Archbishop Carroll’s new president brings change and plans more


Laura Wallon, Staff writer

Archbishop Carroll’s new president, Dr. Patricia Scott, already has made changes on campus since her July debut and has more plans for the school, including improving the campus.

Dr. Scott prioritized safety and security when it came to the new things implemented on the school’s campus, which led to improvements in lighting and video camera surveillance as well as in landscaping. During the summer, Dr. Scott cut down a lot of the shrubs, bushes, and large plants surrounding the school doors and the perimeter of the campus to ensure the safety of those who are at Carroll at night. 

“I didn’t like that there were students and staff leaving at night and not being able to have a clear vision to their car,” Scott said.

Aside from safety concerns, Scott said she wanted to enhance student spaces. For example, Dr. Scott upgraded the library with new seats, couches, and tables. 

“I reimagined the library, and I’m still working on it,” Scott said, “I still have to get the band out of there, which is going to happen by the end of this month.”

Dr. Scott said the band will move into Room 200, which will be soundproof.

Furthermore, Scott revamped the courtyard, which is the outdoor space in between the library and the auditorium.  

Future property improvement plans include remodeling the auditorium by removing and replacing the seats and adding a new ventilation system. Dr. Scott said she also wants to renovate the fields. She offered no timeline on when that work would happen. It all depends on raising money.

“For us, the money that we want to raise is focused on student support, then we’ll go to capital campaigns, which is redoing big projects like the auditorium,” Scott said.

Student support includes helping more kids come to Carroll on scholarships. 

“I think families are in need,” Scott said. “That need is going to continue to get greater through all this pandemic and post-pandemic. I don’t think that need is going to disappear.”

Dr. Scott mentioned that there has to be a better job at raising funds to provide enough scholarship money. Reaching out to the alumni is one of the ways Dr. Scott plans to raise funds. Updating the alumni database and giving alumni more of a reason to donate money is essential, she said. 

“My goal is to raise money to support students who cannot afford this education but deserve it as much as anyone else,” Scott said. “That’s really important to me and it’s important to the mission of this school. That’s why Catholic schools were formed.”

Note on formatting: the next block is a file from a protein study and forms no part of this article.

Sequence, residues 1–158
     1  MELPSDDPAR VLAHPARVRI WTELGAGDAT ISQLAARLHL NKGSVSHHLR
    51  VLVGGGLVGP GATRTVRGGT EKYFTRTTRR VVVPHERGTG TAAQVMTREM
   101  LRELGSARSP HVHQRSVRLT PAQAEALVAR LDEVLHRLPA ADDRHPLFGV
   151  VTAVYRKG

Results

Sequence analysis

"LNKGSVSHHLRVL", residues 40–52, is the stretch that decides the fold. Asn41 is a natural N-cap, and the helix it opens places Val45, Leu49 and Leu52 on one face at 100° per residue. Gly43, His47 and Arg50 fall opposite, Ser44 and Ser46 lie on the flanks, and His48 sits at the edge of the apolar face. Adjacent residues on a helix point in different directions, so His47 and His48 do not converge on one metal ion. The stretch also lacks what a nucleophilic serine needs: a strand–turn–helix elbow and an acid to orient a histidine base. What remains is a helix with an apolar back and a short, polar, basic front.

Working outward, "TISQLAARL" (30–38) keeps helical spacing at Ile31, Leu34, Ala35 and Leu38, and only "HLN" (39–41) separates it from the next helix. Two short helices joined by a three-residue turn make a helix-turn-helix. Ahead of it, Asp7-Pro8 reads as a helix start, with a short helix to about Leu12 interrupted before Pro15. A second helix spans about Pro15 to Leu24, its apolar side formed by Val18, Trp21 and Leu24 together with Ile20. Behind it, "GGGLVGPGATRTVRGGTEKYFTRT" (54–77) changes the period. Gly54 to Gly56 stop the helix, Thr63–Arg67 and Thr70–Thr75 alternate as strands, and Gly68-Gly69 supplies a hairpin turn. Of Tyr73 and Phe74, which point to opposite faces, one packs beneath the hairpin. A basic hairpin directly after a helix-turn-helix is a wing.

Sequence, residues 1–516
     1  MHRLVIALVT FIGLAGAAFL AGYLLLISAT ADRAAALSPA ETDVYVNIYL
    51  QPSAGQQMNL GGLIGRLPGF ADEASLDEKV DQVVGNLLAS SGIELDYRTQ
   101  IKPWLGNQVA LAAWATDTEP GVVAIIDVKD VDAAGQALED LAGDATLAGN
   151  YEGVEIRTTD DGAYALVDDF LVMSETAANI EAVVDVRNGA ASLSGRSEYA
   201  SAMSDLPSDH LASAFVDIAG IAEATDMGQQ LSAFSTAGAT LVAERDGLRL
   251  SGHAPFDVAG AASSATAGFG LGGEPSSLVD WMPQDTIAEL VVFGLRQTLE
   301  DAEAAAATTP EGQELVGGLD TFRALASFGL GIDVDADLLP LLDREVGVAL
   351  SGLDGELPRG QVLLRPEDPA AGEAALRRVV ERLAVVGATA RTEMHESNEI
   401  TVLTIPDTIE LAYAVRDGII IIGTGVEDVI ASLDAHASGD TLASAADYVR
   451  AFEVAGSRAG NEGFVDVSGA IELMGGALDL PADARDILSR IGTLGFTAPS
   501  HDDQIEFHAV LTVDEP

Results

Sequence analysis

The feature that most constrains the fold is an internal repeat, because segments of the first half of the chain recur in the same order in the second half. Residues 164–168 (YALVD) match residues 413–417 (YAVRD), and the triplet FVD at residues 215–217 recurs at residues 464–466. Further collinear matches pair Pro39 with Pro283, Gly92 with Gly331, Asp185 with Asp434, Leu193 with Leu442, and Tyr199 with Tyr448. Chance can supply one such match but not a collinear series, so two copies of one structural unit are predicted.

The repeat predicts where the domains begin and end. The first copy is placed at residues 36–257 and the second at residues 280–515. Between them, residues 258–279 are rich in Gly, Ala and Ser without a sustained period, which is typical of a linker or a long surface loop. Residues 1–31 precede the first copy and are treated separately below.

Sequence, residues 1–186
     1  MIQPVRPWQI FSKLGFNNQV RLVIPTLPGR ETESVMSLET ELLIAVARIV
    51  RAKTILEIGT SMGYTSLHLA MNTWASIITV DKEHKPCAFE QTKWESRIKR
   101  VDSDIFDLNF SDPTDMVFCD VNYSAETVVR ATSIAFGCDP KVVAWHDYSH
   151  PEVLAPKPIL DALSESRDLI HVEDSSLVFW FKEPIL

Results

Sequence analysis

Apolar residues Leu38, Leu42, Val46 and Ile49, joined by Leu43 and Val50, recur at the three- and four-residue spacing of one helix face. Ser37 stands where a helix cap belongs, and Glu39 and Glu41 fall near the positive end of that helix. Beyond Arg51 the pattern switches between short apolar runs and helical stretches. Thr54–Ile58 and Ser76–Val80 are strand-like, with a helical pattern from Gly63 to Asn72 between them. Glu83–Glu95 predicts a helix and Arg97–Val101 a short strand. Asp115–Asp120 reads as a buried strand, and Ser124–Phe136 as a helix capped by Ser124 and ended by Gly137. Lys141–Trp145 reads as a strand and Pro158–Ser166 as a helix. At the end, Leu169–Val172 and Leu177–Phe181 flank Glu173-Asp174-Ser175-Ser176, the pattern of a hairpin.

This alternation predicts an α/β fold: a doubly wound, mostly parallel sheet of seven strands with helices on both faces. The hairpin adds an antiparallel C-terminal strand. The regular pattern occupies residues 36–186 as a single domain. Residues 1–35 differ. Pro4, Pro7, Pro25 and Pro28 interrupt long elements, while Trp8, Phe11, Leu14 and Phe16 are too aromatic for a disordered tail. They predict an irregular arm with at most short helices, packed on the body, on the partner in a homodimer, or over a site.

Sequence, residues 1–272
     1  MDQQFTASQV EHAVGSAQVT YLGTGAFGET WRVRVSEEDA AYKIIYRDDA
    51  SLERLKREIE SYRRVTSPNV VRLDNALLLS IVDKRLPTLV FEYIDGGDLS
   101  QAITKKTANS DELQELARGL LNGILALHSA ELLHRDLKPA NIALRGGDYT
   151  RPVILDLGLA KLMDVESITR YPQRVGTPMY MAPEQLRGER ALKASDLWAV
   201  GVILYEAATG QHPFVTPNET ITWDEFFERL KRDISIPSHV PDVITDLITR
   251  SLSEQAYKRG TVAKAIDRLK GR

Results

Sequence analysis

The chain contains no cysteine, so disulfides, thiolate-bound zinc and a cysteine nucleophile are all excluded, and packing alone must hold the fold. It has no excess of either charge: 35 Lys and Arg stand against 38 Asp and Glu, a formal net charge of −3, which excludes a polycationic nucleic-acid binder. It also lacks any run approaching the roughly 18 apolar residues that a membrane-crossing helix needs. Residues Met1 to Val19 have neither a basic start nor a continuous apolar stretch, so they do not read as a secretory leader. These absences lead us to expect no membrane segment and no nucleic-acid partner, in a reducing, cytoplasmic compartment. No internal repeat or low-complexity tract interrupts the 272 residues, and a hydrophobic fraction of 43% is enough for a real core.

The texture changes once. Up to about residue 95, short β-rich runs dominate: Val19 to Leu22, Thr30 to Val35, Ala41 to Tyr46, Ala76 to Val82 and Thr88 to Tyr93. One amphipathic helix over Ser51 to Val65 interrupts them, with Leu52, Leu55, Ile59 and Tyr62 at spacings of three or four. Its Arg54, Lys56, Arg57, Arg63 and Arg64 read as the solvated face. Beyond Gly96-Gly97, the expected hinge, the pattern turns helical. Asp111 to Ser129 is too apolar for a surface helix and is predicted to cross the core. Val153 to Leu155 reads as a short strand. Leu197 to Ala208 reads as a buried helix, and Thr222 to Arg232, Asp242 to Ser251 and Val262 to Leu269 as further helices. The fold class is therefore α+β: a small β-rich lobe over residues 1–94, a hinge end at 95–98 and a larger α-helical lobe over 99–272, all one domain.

One of the ways Carroll raises money is by renting space to The Grayson School. The Grayson School arrived on campus in the fall of 2019. It rented the first floor on the east side, the Room 201 lecture hall, and two classrooms on the second floor on the east side. Now the school utilizes all of the classrooms on the first floor and second floor on the east side, including Room 201, as well as two of the offices that used to be part of Carroll’s main office suite. 

“Grayson provides income for the school, ” Dr. Scott said. “That being said, there will be no more space allocated towards Grayson. The goal is for Carroll to ultimately not need an additional income.”

Many wonder why the school needs that extra influx of money and where the tuition money is going. Scott explained that tuition money is how the school runs, or in other words: operations.

“That’s how we turn on our lights every morning; it pays the electrical bill, it helps pay salaries for employees, it pays for the computers in the technologies that we all have, including students,” Scott said. “It pays for everything we need to keep this building running,” 

Although her job focuses on the business side of Carroll, Dr. Scott said that she wants to makes sure that she is present at school events to become more involved with the student body. 

“It’s hard when you’re president because my role is to really be outside, to be the face of Carroll for the outside world, and to run the business side of Carroll,” Scott said. “Now, I can’t help it, I’m an educator and I’ve been a principal for a very long time. I’m very interested in every student’s academic experience, too.”

Before Archbishop Carroll, Dr. Scott was a principal at St. Edmond’s in Wilmington, Delaware, for 13 years. Scott then resigned, saying she needed an educational break, and worked for a nonprofit called The Beau Biden Foundation for the Protection of Children. 

“In my second year, I already knew I wanted to go back into education,” Scott said. 

Even during the interviewing process, Dr. Scott knew she would love to work at Archbishop Carroll.

“Once I started interviewing, I just really liked everybody,” Scott said. “Everything clicked.”